What Constitutes as “Failure to Report for Duty” in the Military?

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If a soldier or military personnel member doesn’t show up for duty, they could get in big trouble. There are three main things they could be in trouble for: going AWOL (which stands for absence without leave), desertion, or missing a planned movement. These are serious offenses and come with severe punishments. 

For instance, desertion during a war could even lead to the death penalty. If someone is AWOL for 30 days, it’s desertion. Missing a planned movement happens when a soldier purposefully or carelessly doesn’t join an aircraft or a ship when they’re supposed to. 

If you’re in the military and dealing with severe charges like desertion or being AWOL, hire a good military law attorney on your side to help you out. Look for an experienced AWOL defense attorney known for getting good outcomes in cases like yours.

Let’s take a brief look at what constitutes failure to report to duty.

AWOL

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If someone in the military fails to show up at their designation, leaves that spot, or just isn’t there when they should be, they are AWOL. For instance, imagine a soldier with an assignment to guard a weapon load taking off two hours before their shift ends without permission. In such circumstance their charge will be absence without leave. The Manual for Courts-Martial (PDF) lists different situations that count as being absent without leave and explains what makes each one count.

  1. Not showing up for duty at the assigned time and place is one way someone can get in trouble:
  • The person in assignment of a specific time and place for duty.
  • They had fair knowledge when and where the posting was.
  • But without permission, they didn’t show up at that place at the right time.
  • Another way to get into trouble is by leaving your duty spot without permission:
  • The person was given a specific duty and place to be.
  • They knew when and where they were supposed to be.
  • But without permission, they left that place after showing up for duty.
  • When someone steps away from their duty spot, team, or workplace:
  • They did it without permission.
  • They were gone for a while or until they were caught.
  • When someone’s not around during training or field exercises:
  • They knew it was happening.
  • They purposefully skipped it to avoid the training or exercises.
  • When someone abandons/leaves their post:
  • They were assigned to watch, guard, or duty.
  • They walked away from that responsibility.
  • They did it without permission.
  • They meant to leave their post.

The punishment is dependent on how serious the mistake is and what the commanding officer decides, but it usually means losing pay and confinement. Here’s an example: If someone’s AWOL for under three days, they may get a lock-up sentence for a month and lose two-thirds of their pay for that time. But if it’s over 30 days, they could get a dishonorable discharge, lose all their pay and benefits, and confinement for a whole year.

Desertion

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Desertion is a serious issue in the military. It’s similar to AWOL but more extreme. It means a service member doesn’t show up for duty and actually leaves their assigned post. Usually, desertion involves wanting to leave the unit or duty for good. If someone’s AWOL for 30 days, they’re automatically a deserter, even without proof of intending to leave permanently.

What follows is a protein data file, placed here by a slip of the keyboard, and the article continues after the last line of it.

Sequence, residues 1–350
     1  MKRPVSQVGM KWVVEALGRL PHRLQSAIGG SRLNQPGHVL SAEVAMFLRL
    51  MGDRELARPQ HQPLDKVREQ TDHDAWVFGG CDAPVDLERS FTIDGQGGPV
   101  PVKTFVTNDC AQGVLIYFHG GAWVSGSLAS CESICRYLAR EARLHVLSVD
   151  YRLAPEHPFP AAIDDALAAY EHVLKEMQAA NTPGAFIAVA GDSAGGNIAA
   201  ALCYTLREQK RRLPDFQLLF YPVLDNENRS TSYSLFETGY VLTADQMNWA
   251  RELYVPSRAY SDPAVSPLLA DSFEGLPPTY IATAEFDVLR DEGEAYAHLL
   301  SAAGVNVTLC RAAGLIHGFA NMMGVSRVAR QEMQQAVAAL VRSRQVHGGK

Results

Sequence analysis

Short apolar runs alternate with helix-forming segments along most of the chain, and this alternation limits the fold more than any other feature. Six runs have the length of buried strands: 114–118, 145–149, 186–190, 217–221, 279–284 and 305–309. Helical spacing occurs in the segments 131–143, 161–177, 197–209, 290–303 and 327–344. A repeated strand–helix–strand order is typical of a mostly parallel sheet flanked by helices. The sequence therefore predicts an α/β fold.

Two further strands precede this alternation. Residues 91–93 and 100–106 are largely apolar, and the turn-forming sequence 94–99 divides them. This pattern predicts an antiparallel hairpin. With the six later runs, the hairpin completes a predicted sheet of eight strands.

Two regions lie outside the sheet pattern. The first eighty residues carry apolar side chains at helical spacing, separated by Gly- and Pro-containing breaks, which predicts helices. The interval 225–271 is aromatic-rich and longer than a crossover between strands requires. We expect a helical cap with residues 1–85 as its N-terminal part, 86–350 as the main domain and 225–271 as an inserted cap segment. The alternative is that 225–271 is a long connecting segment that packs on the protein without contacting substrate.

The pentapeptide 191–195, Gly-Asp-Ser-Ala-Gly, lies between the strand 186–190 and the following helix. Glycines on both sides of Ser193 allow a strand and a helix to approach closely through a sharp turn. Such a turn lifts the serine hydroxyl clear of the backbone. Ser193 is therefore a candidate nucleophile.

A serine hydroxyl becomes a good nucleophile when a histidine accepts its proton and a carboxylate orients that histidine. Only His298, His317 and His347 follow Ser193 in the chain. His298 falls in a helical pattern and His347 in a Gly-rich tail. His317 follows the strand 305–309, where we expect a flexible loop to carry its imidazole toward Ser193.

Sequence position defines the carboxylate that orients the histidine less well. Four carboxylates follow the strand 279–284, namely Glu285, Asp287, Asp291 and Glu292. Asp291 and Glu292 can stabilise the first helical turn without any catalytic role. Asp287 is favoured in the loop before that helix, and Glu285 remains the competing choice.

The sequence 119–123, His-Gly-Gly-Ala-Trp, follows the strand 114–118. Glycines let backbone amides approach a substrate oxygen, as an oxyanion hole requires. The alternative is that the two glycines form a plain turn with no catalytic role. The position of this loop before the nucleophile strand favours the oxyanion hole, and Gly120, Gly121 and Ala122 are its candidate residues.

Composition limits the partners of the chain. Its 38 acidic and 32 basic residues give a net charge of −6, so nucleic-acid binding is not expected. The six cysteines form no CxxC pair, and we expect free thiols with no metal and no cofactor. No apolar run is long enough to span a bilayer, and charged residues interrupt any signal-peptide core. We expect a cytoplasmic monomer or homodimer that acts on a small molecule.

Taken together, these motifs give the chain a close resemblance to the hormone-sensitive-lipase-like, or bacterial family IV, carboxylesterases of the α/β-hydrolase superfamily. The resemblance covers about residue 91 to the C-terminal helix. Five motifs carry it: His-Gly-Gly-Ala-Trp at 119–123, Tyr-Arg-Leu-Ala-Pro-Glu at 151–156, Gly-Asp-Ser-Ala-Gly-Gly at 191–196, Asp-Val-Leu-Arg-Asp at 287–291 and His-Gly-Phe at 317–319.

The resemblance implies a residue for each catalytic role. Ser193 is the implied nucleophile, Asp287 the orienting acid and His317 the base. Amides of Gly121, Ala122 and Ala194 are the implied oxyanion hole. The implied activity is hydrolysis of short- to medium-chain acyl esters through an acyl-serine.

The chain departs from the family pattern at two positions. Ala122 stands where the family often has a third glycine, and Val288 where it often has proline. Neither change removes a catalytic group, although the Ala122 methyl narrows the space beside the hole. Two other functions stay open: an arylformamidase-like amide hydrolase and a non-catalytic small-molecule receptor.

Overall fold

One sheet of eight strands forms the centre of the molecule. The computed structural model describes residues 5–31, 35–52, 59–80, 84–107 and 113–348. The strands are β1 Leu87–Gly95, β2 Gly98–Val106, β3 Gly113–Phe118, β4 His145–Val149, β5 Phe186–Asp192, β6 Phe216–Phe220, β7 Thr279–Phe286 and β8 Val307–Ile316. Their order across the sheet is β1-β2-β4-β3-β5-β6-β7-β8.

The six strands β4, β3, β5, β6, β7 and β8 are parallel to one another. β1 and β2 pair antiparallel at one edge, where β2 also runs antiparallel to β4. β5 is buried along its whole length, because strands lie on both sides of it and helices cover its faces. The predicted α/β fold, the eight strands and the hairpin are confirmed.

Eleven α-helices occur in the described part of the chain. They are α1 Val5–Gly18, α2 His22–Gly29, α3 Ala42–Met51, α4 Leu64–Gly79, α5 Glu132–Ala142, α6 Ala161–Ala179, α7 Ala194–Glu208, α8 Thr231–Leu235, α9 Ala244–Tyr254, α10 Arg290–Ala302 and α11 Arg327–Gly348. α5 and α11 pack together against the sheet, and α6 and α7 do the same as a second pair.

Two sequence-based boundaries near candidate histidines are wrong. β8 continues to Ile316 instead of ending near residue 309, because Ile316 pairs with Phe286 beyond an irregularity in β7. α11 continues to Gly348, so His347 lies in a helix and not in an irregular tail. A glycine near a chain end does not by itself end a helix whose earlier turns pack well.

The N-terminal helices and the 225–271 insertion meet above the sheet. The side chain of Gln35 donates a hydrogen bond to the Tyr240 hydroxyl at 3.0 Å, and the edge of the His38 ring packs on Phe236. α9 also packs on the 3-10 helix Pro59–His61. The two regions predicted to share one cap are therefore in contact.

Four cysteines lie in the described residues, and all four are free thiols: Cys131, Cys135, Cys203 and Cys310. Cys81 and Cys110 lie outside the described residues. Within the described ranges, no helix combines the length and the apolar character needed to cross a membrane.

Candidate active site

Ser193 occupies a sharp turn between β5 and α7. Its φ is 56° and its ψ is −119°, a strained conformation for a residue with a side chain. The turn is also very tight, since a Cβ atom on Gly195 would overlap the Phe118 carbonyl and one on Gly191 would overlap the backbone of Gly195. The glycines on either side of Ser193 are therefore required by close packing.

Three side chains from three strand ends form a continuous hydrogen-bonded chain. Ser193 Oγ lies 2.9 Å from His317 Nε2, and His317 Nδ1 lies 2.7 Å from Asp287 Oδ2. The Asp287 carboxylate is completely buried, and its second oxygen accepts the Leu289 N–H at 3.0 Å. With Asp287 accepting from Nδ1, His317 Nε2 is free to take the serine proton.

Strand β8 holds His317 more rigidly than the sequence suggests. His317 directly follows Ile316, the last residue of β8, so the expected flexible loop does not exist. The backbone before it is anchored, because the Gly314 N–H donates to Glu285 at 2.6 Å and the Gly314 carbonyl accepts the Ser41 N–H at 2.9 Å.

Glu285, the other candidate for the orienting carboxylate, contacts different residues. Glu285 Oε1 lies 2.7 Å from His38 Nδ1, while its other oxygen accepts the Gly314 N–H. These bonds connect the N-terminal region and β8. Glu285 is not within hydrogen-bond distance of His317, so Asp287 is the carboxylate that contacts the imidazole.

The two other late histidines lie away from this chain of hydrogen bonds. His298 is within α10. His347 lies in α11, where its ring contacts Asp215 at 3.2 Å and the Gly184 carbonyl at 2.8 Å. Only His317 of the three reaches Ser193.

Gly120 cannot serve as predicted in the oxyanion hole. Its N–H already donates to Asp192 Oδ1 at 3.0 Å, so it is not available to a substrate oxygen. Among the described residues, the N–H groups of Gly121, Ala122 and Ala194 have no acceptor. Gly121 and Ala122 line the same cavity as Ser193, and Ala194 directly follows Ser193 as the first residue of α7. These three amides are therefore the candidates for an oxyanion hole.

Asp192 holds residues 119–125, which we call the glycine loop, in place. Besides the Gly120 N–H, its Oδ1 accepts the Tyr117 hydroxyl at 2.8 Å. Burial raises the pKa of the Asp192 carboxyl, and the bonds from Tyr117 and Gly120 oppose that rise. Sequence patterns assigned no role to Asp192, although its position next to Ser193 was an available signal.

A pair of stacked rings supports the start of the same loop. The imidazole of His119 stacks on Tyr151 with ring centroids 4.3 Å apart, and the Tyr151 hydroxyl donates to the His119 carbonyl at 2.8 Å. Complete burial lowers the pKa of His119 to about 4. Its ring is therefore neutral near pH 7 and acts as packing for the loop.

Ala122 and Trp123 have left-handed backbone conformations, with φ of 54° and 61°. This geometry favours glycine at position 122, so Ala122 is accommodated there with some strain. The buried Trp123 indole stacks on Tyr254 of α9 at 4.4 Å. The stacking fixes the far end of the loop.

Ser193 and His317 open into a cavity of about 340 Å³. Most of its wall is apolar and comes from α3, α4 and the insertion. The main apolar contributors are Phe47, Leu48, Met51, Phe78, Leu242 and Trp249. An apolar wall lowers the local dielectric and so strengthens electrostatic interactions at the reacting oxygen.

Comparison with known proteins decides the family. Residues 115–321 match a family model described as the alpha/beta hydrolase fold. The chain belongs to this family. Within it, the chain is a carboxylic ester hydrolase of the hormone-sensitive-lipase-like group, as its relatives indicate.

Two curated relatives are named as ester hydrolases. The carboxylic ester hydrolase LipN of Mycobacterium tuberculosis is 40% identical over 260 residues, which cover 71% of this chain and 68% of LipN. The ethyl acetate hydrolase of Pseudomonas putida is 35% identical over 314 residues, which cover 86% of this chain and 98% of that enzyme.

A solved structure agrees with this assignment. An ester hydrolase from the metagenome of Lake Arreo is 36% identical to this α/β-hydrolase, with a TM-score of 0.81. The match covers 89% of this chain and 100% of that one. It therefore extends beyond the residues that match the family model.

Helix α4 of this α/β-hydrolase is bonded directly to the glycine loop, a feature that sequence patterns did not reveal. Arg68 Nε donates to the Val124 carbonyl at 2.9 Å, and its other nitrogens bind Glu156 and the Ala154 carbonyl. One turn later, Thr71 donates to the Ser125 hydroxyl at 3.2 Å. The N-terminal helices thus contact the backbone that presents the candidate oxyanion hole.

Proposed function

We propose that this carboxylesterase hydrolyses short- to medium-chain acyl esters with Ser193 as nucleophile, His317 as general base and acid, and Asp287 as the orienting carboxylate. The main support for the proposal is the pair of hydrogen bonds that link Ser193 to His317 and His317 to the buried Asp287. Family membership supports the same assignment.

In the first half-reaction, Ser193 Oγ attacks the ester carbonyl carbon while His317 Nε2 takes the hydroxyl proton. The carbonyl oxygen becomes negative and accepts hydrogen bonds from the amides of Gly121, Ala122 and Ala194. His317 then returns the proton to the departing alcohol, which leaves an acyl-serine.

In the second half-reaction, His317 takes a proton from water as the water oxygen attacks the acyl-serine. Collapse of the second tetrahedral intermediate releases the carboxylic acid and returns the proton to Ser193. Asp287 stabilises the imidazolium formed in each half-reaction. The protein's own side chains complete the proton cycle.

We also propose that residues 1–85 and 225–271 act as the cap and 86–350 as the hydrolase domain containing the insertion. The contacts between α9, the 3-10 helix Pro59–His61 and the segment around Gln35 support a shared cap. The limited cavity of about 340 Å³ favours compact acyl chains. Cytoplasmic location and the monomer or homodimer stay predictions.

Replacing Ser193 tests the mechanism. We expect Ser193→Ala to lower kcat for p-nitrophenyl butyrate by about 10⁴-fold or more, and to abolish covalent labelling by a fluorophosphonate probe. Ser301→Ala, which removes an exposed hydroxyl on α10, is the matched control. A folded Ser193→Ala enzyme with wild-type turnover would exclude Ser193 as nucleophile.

There are different types of desertion, each with specific elements:

  1. Leaving with the plan to stay away for good.
  2. Leaving to avoid a risky or really important duty.
  3. Leaving before getting notice of their resignation acceptance.

Even trying to desert can be a military crime if it goes beyond just getting ready to leave. The punishment for desertion can be severe, like dishonorable removal, losing all pay, and confinement for up to five years. During wartime, the punishment could even be the death penalty, depending on what the court-martial decides.

Missing Movement

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If someone in the military neglects or purposefully doesn’t catch their ship, aircraft, or unit, it can lead to a charge for missing movement. For example, if a personnel accidentally misses getting on their aircraft carrier before it takes off, they’ve broken military rules. The consequences could be a bad-conduct discharge, losing pay, and confinement for a year. If someone intentionally misses this movement, they could face a dishonorable discharge and two years of confinement.

Here’s what makes up missing movement:

  1. Being supposed to move with a ship, aircraft, or unit.
  2. Knowing that the ship, aircraft, or unit was about to move.
  3. Not making that movement because of intent or carelessness.

However, if someone’s unable to catch their movement because of something they couldn’t control, they might not be guilty. If a military pilot, intending to board their aircraft, gets in an accident by a tipsy driver, they will not face charges for missing their movement.

Conclusion

As mentioned above, the consequences of not showing up for duty can be really tough. So, if you’re dealing with any of these charges, it’s crucial to get help from a skilled desertion defense lawyer quickly. 

The attorneys have a lot of experience defending service members facing serious accusations. The desertion defense lawyers are ready to fight for your rights wherever you are. 

Get in touch for a consultation as soon as you can.